Genetic engineering: Not fixing serious diseases could be morally wrong, expert claims

A rogue Chinese scientist's claim to have produced the world's first genetically edited babies shouldn't scare people off the potential benefits of the technology, a Kiwi expert says.

He Jiankui caused uproar when he announced the birth of twins Lulu and Nana in late November, the pair's DNA having been modified using the cutting-edge CRISPRCas9 technique to increase their genetic resistance to the HIV virus.

The father was HIV-positive, and Prof He says the girls were born healthy. But this didn't stop widespread backlash amongst the scientific community, and the immediate suspension of all his research.

"What he did was really ethically dubious," University of Otago law professor Jeanne Snelling told The AM Show on Thursday.

"He introduced a change that may have actually been associated with off-target effects. Those children who were born might actually suffer illness in the future as a result of that change. He implemented before there was sufficient pre-clinical trials, before we had animal trials to give us an idea of the safety. The risk-benefit analysis just wasn't there."

Dr Snelling, who specialises in bioethics and health law, said there are genuine uses for the new technology - such as eliminating conditions with a genetic basis, such as Huntington's disease.

"People who don't want to transmit that mutation to their future offspring have quite limited options. They can either do prenatal testing and abort a foetus, if that's what they choose, or they can do pre-implantation genetic diagnosis, try and identify the mutation and only transfer embryos that are not carrying that mutation.

"What this new technology does is it gives us a theoretical possibility of modifying the mutant gene so you can have a healthy child that won't develop the illness."

He Jiankui
He Jiankui. Photo credit: Reuters

She said it may even be morally wrong not to use genetic editing to eradicate serious disorders like Huntington's. In contrast, Dr He's genetic editing - if it worked - only increased resistance to a single virus, and may not have been required.

"It's not comparable to Huntington's disease, just to confer a trait that is beneficial but not necessary."

What scientists don't know yet is how making edits - even beneficial ones - could affect not just the recipient, but their offspring and future generations, because the technology is so new.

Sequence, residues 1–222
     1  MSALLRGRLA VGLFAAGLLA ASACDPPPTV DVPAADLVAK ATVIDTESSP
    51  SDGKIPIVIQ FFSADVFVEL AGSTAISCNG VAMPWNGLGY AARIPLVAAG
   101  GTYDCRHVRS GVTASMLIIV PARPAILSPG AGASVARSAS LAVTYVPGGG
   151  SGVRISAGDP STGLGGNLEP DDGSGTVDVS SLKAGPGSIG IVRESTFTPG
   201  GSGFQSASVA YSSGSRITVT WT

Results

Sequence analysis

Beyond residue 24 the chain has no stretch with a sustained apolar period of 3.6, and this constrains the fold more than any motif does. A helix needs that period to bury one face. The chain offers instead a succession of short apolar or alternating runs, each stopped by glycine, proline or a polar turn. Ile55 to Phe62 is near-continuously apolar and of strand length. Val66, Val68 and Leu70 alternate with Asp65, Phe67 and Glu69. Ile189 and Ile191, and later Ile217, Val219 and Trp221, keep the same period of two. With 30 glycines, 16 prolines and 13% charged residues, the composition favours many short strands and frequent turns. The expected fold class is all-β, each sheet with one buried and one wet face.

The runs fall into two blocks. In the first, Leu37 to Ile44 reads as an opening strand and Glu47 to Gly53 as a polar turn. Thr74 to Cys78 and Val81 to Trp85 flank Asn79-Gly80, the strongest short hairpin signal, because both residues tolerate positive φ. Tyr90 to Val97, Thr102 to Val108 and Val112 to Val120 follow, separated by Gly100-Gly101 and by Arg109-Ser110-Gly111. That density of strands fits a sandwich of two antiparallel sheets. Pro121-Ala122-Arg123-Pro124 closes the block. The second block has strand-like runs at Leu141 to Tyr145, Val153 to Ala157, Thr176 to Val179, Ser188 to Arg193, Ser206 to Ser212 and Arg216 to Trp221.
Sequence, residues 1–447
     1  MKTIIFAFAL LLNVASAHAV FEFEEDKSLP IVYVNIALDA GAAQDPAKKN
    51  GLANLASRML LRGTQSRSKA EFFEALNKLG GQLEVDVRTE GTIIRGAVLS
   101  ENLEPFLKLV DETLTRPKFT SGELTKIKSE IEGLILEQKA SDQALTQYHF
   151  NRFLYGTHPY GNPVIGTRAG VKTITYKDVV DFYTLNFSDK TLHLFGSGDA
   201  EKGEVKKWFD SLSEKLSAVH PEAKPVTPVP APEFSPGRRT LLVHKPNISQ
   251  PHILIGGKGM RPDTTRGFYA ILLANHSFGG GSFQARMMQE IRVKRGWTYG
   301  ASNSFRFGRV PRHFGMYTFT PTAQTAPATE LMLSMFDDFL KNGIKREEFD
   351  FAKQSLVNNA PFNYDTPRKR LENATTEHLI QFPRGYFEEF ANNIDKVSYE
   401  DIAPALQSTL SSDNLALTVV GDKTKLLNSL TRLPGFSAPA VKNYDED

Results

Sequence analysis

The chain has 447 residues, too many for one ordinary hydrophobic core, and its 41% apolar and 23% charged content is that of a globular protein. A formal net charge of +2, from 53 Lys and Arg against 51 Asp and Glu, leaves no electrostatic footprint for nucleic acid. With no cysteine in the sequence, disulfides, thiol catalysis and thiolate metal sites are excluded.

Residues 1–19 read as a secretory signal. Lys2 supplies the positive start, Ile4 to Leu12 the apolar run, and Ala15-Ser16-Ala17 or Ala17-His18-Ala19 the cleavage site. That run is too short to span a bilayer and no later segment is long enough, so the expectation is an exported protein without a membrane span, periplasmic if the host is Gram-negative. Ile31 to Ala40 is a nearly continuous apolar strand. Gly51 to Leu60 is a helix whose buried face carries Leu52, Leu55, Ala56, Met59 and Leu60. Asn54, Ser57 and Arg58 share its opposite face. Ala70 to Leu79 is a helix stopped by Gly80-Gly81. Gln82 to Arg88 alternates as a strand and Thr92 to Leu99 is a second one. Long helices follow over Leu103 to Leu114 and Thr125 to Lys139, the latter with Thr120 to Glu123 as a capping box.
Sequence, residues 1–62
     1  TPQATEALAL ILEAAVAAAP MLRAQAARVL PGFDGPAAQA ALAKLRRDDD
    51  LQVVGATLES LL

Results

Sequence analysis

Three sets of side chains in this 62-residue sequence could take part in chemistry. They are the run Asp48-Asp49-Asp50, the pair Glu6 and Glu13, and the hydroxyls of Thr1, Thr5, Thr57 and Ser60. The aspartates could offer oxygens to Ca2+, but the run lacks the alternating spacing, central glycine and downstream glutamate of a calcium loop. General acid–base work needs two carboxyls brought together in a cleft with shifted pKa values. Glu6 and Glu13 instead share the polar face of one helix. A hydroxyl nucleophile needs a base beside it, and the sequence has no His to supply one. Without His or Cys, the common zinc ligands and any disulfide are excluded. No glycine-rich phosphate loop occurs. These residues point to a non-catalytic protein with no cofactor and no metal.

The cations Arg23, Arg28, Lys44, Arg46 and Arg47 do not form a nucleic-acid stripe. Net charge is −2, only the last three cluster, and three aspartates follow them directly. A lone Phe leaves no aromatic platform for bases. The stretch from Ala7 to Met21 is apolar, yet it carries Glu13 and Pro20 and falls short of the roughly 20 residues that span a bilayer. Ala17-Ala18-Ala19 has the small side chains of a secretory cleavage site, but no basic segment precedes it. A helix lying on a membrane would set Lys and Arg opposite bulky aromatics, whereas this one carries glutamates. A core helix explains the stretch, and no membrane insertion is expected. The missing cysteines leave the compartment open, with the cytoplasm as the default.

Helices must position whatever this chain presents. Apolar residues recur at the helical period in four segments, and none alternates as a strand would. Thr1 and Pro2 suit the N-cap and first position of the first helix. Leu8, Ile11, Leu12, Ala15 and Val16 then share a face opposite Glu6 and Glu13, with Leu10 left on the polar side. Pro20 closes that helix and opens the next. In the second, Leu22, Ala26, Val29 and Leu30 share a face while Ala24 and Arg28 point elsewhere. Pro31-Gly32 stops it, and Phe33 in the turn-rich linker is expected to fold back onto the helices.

"Once they're born with those edited changes, they can actually transmit those changes to the future generation. [It has] the potential to alter the human gene pool."

Dr Snelling said other rogue doctors with more sinister intentions that try and create a master race won't find it easy.

"It's a theoretical possibility. Some of the traits that you might be talking about in that situation might be people wanting to engineer a race to be super-intelligent or for pro-longevity, to live many years.

"Some of the problems with those theoretical concerns is a lot of those traits are made up of a complex combination of lots of genes and environmental factors. There are concerns about whether we could actually engineer those kinds of traits.

"But I think if it was possible, there will always be people who want to take advantage of any kind of change that might be beneficial or confer advantage."

Jeanne Snelling
Jeanne Snelling. Photo credit: The AM Show

And the strong backlash to Prof He's announcement gives her hope a future would-be Hitler with access to CRISPR-Cas9 won't get very far.

"What we have seen is a real global effort to come to some consensus about what would be a responsible way forward with this technology, so we are definitely seeing that kind of concerted effort. I think this fact that He Jiankui  in China has received such a backlash gives me some optimism that we might actually achieve some global consensus about how to develop it and monitor it at an international level."

The World Health Organisation earlier this week said it is forming a panel of experts to formulate guidelines on the use of human genetic editing.

"Gene editing may have unintended consequences - this is uncharted water and it has to be taken seriously," said director-general Tedros Adhanom Ghebreyesu.

"We will work with member states to do everything we can to make sure of all issues - be it ethical, social, safety - before any manipulation is done."

The Chinese Academy of Medical Sciences was among the medical bodies that condemned Prof He's work. The Southern University of Technology, where Prof He worked, says the research was done off-campus and it has opened an investigation.

Newshub.

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